Sunday, September 09, 2012

Krugman Is Still A Lying Sack Of You Know What

From Mr. Duplicity himself:
During today’s round table on ABC, Rand Paul seemed shocked at my claim that government employment is down under Obama. Of course, it is.
Oh, is it? Well, then someone ought to tell the U.S. Office of Personnel Management because they tell a different story:

Federal Personnel (Executive Branch):
2008: 2,692,000
2010 (latest data): 2,776,000 For a increase of 84,000 employees.

Total Federal Personnel:
2008: 4,206,000
2010: 4,443,000 For an increase of 237,000 employees.

 I'm still looking for the decrease here Paulie. But, that's right, Krugman cannot be bothered looking up the real numbers because he is too busy blaming Bush:
But maybe he’s thinking of the fact that since govt employment rose under Bush, we’re still at higher absolute levels than we were a decade ago.
Well, let's look at the Bush numbers, shall we?

Federal Personnel (Executive Branch):

1999: 2,687,000
2008: 2,692,000 For an increase of 5000 employees in 8 years.

So Bush increased the Executive Branch by an average of 625 employee per year. The Obama number? 42,000 per year.

Total Federal Personnel:
1999: 4,135,000
2008: 4,206,000 For a total growth of 71,000, or 8875 per year. The Obama number? 118,500 per year.

So, how does Krugman get his numbers? Well, by lying. Krugman adds in all of the local and state government jobs lost since the start of 2009 because of the horrible Obama economy, and portrays them perversely as evidence of Obama's penny pinching ways. So, your local government had to lay off teachers because property tax revenues have plummeted? Well, says Krugman, you can thank Obama. And, hey, all you protestors in Wisconsin! According to Krugman you've got it all wrong. Scott Walker isn't to blame. Any changes in state spending and hiring are all Obama's doing!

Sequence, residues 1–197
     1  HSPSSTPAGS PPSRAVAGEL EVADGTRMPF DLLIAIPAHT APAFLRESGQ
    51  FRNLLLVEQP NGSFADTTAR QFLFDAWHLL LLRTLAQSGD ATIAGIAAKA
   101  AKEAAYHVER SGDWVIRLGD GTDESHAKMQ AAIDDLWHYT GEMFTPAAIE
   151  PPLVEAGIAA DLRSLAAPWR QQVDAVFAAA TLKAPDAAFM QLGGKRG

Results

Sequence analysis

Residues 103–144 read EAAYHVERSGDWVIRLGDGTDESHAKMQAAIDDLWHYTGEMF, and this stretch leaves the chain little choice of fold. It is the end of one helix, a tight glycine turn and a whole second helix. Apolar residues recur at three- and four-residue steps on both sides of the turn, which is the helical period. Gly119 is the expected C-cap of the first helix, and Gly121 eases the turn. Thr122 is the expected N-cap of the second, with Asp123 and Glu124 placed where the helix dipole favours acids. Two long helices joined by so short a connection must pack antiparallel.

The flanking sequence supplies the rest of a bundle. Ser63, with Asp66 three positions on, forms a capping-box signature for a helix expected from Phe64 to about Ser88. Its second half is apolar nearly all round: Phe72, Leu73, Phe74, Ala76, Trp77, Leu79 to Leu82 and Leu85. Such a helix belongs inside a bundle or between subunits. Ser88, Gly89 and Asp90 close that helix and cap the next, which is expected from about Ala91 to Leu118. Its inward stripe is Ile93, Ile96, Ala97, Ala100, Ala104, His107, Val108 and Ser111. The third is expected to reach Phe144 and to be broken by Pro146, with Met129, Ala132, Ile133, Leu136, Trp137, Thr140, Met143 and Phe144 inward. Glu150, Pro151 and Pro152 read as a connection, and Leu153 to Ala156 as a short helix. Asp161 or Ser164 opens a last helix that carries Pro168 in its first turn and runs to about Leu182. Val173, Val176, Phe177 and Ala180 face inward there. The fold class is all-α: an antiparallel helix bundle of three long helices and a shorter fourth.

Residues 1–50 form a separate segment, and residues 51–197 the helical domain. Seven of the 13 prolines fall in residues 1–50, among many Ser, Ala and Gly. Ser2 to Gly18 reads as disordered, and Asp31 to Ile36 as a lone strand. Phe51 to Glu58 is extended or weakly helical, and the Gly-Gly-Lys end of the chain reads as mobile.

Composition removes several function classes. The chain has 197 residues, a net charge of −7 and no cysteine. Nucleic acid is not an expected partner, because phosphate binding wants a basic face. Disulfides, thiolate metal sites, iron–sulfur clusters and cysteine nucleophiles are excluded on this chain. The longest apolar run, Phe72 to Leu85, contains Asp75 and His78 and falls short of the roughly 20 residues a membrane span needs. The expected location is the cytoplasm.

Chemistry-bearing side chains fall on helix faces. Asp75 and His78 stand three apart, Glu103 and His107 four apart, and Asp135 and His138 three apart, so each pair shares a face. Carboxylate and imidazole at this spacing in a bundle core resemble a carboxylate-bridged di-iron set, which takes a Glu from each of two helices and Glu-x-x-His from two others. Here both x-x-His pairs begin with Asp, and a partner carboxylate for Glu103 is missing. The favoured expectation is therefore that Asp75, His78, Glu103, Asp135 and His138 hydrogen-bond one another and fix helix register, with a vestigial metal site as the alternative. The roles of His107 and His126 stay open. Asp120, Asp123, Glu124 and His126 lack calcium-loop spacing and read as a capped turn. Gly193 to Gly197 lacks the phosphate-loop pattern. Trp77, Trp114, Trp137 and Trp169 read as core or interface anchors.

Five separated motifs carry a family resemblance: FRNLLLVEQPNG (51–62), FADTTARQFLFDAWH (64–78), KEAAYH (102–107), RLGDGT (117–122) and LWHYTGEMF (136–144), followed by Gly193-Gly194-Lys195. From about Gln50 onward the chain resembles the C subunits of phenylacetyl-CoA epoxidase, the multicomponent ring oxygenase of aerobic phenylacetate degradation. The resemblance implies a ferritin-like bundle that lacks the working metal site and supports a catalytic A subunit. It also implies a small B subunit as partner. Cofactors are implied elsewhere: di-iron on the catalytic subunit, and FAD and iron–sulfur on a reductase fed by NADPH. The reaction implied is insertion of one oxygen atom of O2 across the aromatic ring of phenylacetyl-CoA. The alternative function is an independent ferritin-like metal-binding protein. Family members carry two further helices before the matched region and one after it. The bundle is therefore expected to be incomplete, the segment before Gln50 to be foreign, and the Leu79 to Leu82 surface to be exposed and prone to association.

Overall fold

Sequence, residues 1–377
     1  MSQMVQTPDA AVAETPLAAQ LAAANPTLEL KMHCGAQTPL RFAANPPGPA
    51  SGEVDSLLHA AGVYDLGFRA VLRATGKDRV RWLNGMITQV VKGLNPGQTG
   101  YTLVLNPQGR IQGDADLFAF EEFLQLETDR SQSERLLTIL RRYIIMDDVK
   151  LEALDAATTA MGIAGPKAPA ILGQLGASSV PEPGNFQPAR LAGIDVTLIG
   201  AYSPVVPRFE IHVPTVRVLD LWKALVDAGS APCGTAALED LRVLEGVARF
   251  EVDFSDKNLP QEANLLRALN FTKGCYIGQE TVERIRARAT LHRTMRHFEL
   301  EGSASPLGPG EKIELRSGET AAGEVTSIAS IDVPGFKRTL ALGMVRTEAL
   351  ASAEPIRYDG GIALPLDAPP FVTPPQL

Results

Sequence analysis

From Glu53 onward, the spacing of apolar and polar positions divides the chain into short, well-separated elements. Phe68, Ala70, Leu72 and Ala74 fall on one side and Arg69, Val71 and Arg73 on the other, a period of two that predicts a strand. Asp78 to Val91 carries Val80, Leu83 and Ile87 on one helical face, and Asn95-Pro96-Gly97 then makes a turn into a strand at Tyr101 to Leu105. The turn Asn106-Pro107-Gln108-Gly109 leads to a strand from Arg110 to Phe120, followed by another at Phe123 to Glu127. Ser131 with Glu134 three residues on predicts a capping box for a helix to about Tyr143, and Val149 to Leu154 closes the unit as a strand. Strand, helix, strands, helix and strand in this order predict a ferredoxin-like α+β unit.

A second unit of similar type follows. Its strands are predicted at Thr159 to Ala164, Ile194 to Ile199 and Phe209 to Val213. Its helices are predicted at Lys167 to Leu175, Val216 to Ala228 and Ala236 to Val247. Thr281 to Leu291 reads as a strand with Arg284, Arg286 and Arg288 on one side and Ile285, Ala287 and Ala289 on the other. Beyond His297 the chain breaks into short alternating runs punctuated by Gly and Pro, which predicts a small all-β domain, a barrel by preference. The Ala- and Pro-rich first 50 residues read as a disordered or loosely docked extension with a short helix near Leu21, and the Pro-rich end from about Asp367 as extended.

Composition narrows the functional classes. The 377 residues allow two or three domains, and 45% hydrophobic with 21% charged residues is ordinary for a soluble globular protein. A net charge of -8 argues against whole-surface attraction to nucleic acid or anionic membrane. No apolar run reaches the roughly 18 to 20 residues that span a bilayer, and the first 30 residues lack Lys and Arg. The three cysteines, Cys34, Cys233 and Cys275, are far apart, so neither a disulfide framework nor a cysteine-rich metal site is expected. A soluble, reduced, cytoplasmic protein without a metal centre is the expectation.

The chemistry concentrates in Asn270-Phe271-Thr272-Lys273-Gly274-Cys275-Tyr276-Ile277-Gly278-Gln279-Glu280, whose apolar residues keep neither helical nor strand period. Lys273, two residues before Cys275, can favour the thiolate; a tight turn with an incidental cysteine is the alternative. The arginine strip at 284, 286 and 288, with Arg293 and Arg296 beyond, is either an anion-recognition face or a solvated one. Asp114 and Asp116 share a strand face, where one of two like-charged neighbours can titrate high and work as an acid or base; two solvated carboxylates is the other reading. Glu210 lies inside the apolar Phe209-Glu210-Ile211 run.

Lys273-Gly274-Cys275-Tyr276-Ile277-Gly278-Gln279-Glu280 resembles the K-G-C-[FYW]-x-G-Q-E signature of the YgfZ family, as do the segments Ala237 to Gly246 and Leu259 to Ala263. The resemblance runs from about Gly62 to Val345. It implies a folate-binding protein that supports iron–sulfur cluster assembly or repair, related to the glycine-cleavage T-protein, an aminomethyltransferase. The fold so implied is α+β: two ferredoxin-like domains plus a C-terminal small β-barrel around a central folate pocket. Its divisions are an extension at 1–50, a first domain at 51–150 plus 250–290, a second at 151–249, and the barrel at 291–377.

I'm sorry, but in the real world President Obama controls the Federal government and its hiring practices. The Federal government has increased since Obama came to office and at a rate many times that of President Bush. President Obama has nothing to do with whether your local government has to lay off its librarians, except in the generic sense of being to blame for the state of the so-called recovery that has put state and local governments in the bind they are in. 

 I'm sure Paul's hesitation when confronted with the Krugman statement on the Sunday talk shows was caused by his not being able to believe that A) Anyone could make as stupid or dishonest an argument as Paul Krugman has made, or B) That there could be anyone so stupid as to believe it.


Zut Alors! said...


Why do you use 2008 and 1999? Obama was not inaugurated president until 2009 and Bush until 2001. I would think that a "professor of political philosophy" would know such things, but I guess I would be wrong. Perhaps you should take a Pol.Sci. 100 class. If you knew a bit -- really quite a bit but I'm trying to be charitable -- more about political science and history your posts would not be so foolish.

Rich Horton said...

I used 1999 because they didn't include Census hires (while 2000 did) which were (supposedly) such a big deal. Just trying to have a like for like comparison. (I then went back and compared the Census years as well, so all bases were covered.)

Rich Horton said...

Plus, are you seriously saying I shouldn't use the base of 2008 to measure the increase? What number am I supposed to compare it with? Zero? So If I take over a company tomorrow that has 5 employees and during the first year I hire 100 more, then in the second year I hire 2 more, I could argue I only increased the workforce by 2?

On what planet does that make sense?